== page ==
WNY is also a beneficiary of this movement of goalposts, and they too have magically come up to a score of 6 out of 7 as of today. While no one could be glad that regions of the state have been unable to reopen, Buffalo and Albany have apparently been deemed “too big to fail.” (But that’s just my take on it. WNY’s conservative partisans — always legends in their own minds — are currently dancing around their bonfire triumphantly, positive that this reprieve for their region is due to Cuomo being scared of some local law firm suing the state.)

Although CNY is not in danger of falling back on the hospitalization metric that has (up to now) bedeviled WNY, hospitalization totals in Onondaga County continue to increase, and today were reported at an all-time high of 66, with 93 now dead. The community spread case number continued to be mild (10 new cases today).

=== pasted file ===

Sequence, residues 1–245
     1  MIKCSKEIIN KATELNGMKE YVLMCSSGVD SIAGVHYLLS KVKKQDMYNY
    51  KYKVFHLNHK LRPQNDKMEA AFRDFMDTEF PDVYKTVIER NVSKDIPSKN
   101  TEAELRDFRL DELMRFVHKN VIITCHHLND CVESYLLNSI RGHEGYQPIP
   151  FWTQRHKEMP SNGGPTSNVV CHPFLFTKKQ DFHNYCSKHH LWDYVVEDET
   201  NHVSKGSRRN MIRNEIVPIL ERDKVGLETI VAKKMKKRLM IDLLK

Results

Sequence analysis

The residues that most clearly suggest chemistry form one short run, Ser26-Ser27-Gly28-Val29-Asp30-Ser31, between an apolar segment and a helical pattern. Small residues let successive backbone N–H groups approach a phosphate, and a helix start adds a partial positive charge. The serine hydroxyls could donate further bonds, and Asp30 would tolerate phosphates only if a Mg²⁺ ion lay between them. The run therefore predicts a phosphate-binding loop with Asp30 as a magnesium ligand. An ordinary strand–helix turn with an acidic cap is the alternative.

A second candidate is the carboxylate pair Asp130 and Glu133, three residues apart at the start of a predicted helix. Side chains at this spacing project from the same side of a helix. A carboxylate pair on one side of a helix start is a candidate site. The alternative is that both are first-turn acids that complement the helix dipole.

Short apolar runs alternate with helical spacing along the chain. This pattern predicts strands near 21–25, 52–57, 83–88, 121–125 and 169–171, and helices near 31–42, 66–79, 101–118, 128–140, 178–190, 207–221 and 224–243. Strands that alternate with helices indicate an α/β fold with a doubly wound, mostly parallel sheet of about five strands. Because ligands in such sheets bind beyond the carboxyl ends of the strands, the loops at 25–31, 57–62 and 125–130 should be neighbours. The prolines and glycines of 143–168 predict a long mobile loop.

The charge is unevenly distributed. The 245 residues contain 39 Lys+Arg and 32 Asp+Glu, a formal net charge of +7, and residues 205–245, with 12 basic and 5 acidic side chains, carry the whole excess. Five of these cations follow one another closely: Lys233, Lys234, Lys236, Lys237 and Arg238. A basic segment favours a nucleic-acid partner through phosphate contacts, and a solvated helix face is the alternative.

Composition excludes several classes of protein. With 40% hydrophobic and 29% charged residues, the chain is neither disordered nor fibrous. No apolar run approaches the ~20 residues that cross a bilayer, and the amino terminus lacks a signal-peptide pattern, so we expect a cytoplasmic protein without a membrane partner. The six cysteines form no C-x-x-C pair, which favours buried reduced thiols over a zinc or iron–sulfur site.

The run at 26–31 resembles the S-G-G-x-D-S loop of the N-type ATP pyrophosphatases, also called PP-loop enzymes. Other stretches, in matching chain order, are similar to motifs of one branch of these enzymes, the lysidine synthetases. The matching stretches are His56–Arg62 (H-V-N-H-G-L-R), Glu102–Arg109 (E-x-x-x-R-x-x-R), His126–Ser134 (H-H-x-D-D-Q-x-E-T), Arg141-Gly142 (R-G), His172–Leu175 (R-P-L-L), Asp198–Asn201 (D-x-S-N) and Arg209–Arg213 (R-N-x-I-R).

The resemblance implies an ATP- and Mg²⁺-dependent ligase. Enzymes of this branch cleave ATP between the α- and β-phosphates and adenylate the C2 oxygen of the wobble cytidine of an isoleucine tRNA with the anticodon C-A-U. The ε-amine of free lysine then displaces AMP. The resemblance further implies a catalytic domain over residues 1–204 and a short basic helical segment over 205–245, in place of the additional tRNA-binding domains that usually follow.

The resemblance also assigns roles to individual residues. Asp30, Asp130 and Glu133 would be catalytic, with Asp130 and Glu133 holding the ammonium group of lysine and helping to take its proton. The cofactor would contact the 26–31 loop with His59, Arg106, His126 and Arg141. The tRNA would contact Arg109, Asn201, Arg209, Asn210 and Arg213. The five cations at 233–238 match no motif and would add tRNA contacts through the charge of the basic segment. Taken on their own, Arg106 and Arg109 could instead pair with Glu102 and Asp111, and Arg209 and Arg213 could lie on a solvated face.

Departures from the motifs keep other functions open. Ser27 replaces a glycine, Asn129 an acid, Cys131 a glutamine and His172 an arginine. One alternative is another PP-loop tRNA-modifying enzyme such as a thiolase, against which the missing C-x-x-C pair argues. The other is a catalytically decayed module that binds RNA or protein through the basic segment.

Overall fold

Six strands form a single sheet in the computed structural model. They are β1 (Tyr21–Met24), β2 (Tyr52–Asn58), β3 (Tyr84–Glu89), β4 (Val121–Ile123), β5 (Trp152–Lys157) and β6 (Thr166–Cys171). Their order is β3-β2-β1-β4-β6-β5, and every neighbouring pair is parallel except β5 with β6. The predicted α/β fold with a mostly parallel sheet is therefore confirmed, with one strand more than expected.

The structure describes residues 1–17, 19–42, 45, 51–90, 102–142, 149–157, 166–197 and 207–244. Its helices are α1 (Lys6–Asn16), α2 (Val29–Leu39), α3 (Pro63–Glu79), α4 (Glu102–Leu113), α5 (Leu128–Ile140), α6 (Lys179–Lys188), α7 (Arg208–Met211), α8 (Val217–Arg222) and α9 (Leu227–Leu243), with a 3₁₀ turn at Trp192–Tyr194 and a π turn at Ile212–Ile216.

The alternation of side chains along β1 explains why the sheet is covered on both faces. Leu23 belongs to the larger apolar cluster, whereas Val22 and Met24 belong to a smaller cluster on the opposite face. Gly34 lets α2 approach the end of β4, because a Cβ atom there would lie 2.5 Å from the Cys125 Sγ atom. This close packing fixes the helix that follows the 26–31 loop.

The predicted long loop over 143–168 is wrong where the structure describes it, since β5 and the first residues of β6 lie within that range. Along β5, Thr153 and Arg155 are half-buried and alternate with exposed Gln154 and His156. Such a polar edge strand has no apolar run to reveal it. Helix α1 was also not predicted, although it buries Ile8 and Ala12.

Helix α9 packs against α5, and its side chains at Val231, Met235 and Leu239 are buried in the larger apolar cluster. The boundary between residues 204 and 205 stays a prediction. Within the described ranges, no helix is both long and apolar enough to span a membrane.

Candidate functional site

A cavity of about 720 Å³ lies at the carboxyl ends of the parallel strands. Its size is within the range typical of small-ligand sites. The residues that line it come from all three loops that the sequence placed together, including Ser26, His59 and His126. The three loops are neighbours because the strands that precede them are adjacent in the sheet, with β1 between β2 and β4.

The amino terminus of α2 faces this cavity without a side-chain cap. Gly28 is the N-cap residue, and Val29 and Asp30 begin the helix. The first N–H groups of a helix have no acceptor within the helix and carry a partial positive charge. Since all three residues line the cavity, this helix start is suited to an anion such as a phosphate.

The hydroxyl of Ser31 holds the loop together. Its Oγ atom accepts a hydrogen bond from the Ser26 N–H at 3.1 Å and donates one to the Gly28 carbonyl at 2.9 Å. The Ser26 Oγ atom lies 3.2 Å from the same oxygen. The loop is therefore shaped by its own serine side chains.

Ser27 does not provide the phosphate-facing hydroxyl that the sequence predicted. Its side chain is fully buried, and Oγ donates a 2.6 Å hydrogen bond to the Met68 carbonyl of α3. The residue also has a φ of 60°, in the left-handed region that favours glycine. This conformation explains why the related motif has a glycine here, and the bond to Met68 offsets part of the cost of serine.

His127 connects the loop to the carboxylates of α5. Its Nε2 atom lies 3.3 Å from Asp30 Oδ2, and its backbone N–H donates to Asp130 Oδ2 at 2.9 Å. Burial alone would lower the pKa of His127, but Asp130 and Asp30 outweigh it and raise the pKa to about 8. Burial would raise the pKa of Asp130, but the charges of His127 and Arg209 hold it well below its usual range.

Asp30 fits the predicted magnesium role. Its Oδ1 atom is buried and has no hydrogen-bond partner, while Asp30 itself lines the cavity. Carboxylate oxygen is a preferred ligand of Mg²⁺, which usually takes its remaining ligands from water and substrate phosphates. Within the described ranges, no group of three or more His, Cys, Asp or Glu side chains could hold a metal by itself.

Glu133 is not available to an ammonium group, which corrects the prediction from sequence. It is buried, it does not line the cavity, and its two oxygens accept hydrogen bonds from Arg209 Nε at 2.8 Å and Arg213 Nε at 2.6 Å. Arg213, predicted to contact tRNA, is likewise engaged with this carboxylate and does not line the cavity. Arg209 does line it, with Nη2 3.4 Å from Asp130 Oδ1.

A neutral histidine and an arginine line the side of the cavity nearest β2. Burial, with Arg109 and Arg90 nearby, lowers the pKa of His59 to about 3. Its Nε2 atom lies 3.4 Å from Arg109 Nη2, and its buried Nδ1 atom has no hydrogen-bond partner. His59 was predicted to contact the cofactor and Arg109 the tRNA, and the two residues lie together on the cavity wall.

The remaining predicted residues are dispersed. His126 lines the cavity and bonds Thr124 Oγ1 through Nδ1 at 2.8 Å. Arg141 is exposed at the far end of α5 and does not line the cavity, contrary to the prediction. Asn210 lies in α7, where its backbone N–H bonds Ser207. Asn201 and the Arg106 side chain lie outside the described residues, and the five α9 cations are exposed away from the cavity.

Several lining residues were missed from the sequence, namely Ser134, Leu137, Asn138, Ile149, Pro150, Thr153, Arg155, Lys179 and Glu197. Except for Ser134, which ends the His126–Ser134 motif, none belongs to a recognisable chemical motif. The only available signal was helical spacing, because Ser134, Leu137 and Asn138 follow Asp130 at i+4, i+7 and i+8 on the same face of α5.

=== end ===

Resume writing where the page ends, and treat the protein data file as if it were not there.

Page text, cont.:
Following on the heels of yesterday’s NYT story on where NYC residents of means ran to, is a look at where they are forwarding their mail. If there was ever any doubt about it, the data makes it clear: New York City residents did not flee to “trans-Hudson” upstate New York in any significant numbers. They almost completely bypassed us, in fact. And if there remains any doubt about this next point, the data has already demonstrated that when NYC sneezes, Upstate does not catch a cold. At least away from the Hudson Valley, Upstate’s infection rates have been no more notably severe than in other “flyover” metropolitan areas in the Northeast that have been locked down.